Readers of this column know I love a good trend. And that few trends are as compelling as growth in Asian middle-class consumers over the next two decades. An expected 2.5 billion extra consumers within Asia by 2030 will change everything for global business.
The column has written about this trend several times for The Bull, notably in April 2013 when it identified South East Asia-based online advertising companies iProperty Group and iCars Asia. Both have soared over two years and look like takeover targets.
Growth in middle-class Asian consumers will also create huge opportunities within Australia. Consider the potential for inbound tourism from Asia and the effect it will have on our tourism providers.
Overall, there were 6.8 million visitor arrivals to Australia for the year to September 2014, up 8.2 per cent from the previous year. There were 641,000 visitors from China for the nine months to September 2014, up 14.3 per cent on a year earlier. Indian visitors rose 17.8 per cent and Malaysian arrivals were up for 23.7 per cent, off a lower base.
It’s hard to see that trend reversing as Asian consumers with rising incomes look to travel overseas, and as a falling Australian dollar relative to key Asian currencies makes it cheaper.
Inbound Asian tourism is powerful short- and long-term trend for our operators that cater to this market. The falling Australian dollar is another tailwind as it attracts more inbound tourism, makes Australia cheaper relative to other offshore destinations, and discourages more Australians from travelling overseas.
Choosing stocks that benefit from this trend is harder. Obvious beneficiaries such as Sydney Airport look fully valued, as do mid-cap stocks such as Gold Coast theme-park operator Ardent Leisure Group. Both are excellent companies, just a bit pricey at present.
SeaLink Travel Group, a small-cap tourism operator, has had relatively less attention. The owner of passenger ferries and travel cruises, under the SeaLink and Captain Cook Cruise brands, raised $16.5 million and listed in October 2013. It almost floated in 2008, but the offer was pulled before prospectus lodgement when demand for IPOs evaporated during the Global Financial Crisis.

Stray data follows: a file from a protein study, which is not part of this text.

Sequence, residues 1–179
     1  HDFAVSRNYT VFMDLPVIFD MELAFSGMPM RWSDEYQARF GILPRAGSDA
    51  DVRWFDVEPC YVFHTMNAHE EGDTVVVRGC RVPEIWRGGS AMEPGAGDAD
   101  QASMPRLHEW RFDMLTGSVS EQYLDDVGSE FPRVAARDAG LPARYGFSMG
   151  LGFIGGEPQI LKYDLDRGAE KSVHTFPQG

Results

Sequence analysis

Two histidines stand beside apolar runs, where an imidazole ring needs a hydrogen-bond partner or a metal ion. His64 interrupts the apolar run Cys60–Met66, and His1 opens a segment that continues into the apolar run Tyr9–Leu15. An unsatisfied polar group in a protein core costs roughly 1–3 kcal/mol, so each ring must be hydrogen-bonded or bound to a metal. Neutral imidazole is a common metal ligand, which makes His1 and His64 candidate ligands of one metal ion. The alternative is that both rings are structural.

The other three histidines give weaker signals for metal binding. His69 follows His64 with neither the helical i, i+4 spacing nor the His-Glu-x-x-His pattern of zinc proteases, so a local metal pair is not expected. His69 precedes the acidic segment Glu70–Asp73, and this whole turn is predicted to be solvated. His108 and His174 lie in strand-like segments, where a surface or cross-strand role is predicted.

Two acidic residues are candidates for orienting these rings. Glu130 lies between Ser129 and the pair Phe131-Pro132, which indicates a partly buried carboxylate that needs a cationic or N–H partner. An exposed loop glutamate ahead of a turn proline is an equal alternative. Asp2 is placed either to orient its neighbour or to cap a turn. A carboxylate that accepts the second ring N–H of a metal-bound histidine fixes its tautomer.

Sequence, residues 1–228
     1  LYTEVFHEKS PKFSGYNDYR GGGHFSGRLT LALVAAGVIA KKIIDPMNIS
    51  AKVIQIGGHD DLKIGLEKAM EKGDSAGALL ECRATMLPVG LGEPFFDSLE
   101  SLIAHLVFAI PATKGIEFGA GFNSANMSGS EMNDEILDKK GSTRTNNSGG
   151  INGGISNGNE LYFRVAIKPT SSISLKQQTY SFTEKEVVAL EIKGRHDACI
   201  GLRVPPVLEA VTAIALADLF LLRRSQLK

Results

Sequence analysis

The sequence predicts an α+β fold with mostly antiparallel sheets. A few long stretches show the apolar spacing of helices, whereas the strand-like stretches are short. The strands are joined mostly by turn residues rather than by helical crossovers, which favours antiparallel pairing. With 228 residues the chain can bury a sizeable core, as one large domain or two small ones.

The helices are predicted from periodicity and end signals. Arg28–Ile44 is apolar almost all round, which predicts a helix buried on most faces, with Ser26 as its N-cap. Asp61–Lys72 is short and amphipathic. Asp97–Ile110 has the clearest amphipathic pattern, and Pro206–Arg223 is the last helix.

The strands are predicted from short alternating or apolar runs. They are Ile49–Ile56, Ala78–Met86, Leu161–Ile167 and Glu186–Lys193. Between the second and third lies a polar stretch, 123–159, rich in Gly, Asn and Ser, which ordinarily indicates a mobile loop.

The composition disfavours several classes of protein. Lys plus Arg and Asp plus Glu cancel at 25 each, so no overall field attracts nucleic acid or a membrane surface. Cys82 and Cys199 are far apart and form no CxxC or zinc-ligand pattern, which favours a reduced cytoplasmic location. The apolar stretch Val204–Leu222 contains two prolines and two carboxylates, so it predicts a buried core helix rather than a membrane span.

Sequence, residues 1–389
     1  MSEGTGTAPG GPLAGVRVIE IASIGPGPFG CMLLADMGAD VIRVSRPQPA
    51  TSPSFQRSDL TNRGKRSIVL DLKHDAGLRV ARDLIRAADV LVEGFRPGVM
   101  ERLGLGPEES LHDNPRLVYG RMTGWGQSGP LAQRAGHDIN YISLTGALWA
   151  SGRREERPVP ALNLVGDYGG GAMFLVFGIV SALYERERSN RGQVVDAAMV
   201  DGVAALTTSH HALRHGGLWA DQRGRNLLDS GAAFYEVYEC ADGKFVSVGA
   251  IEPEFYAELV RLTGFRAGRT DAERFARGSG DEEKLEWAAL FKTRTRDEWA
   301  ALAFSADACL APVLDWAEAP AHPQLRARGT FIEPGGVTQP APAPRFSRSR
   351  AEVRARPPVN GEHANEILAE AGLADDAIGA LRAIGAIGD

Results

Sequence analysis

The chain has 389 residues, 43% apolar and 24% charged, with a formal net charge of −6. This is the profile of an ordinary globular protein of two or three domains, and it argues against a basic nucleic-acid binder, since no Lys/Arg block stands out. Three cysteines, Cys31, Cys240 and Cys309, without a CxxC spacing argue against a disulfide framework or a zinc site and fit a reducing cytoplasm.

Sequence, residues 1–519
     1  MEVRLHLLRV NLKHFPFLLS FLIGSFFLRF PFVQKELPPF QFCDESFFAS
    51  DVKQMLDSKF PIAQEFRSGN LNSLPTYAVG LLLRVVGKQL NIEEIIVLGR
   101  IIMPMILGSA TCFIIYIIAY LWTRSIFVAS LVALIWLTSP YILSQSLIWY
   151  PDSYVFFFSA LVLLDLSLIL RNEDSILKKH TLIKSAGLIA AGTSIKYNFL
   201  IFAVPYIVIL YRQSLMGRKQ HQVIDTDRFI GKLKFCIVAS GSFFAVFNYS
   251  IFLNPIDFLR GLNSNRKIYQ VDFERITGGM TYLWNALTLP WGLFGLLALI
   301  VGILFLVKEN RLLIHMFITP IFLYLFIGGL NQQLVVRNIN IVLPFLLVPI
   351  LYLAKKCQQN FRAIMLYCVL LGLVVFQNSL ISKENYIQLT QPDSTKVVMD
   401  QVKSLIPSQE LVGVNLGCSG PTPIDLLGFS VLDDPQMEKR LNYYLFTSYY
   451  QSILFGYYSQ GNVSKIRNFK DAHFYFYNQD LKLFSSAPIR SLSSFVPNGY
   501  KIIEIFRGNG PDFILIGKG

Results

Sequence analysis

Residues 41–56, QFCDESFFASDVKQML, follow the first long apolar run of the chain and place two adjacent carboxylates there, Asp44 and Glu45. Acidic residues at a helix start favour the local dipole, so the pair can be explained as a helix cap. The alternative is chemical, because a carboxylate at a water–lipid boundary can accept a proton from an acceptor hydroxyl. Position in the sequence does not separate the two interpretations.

The delay was worth the wait, as SeaLink came to market as a more established business. Its $1.10 issued shares have rallied to $2.39 after it posted a better-than-expected interim profit report. SeaLink’s one-year total shareholder return (including dividends) is 36 per cent. It is among the best-performing floats in the past few years.
Chart 1: SeaLink Travel Group
After-tax net profit of $4.7 million for the first half of FY15 was 37 per cent ahead of the same period a year earlier. Revenue grew 9 per cent to $57.2 million and SeaLink said it was “well positioned” to improve on its first-half results.
It appears to be in a sweet spot. The lower Australian dollar is making local tourism more competitive and helping SeaLink’s New South Wales and South Australian businesses.
Having a big chunk of the business operating out of Circular Quay in Sydney is a great position as international tourists to Australia typically head first to Sydney. Higher tourism to South Australian tourism hotspot Kangaroo Island, which SeaLink services, is another positive.
Lower fuel costs, courtesy of the lower oil price, are helping SeaLink and it says a gradually improving world economy is starting to lift world tourism activity.
SeaLink is not cheap. Estimated earnings per share of 13 cents in FY15, according to a small number of consensus forecasts, put it on a prospective Price Earnings (PE) multiple of 18 times – high for a small-cap industrial company.
But it can grow faster than the market expects as the low currency prices/low fuel prices/influx of Asian tourists drive demand for its ferry cruises. Higher exposure to New South Wales, Australia’s best-performing economy, is another plus. Nevertheless, SeaLink is best bought on price weakness after the current share-price rally slows, closer to $2.
Debt is modest: net gearing was 16 per cent in FY14 and interest cover was almost 10 times. Return on equity of 13.4 in FY14 was solid rather than spectacular, but should rise in coming years as earnings grow.
For those with a long-term perspective, owning a well-established, well-run travel operator with strong exposure to growing tourism demand from Asia appeals.
– Tony Featherstone is a former managing editor of BRW and Shares magazines. This column does not imply any stock recommendations or offer financial advice. Readers should do further research of their own or talk to their adviser before acting on themes in this article. All prices and analysis at February 12, 2015.